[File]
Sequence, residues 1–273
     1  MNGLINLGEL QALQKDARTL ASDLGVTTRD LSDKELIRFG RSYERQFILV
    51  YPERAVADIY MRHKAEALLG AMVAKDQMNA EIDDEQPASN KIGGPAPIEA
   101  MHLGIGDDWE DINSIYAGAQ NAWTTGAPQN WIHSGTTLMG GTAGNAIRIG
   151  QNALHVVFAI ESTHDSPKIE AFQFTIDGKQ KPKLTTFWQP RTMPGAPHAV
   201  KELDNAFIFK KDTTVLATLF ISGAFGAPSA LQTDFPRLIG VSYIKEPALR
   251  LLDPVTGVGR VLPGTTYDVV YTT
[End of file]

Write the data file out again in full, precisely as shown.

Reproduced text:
Sequence, residues 1–273
     1  MNGLINLGEL QALQKDARTL ASDLGVTTRD LSDKELIRFG RSYERQFILV
    51  YPERAVADIY MRHKAEALLG AMVAKDQMNA EIDDEQPASN KIGGPAPIEA
   101  MHLGIGDDWE DINSIYAGAQ NAWTTGAPQN WIHSGTTLMG GTAGNAIRIG
   151  QNALHVVFAI ESTHDSPKIE AFQFTIDGKQ KPKLTTFWQP RTMPGAPHAV
   201  KELDNAFIFK KDTTVLATLF ISGAFGAPSA LQTDFPRLIG VSYIKEPALR
   251  LLDPVTGVGR VLPGTTYDVV YTT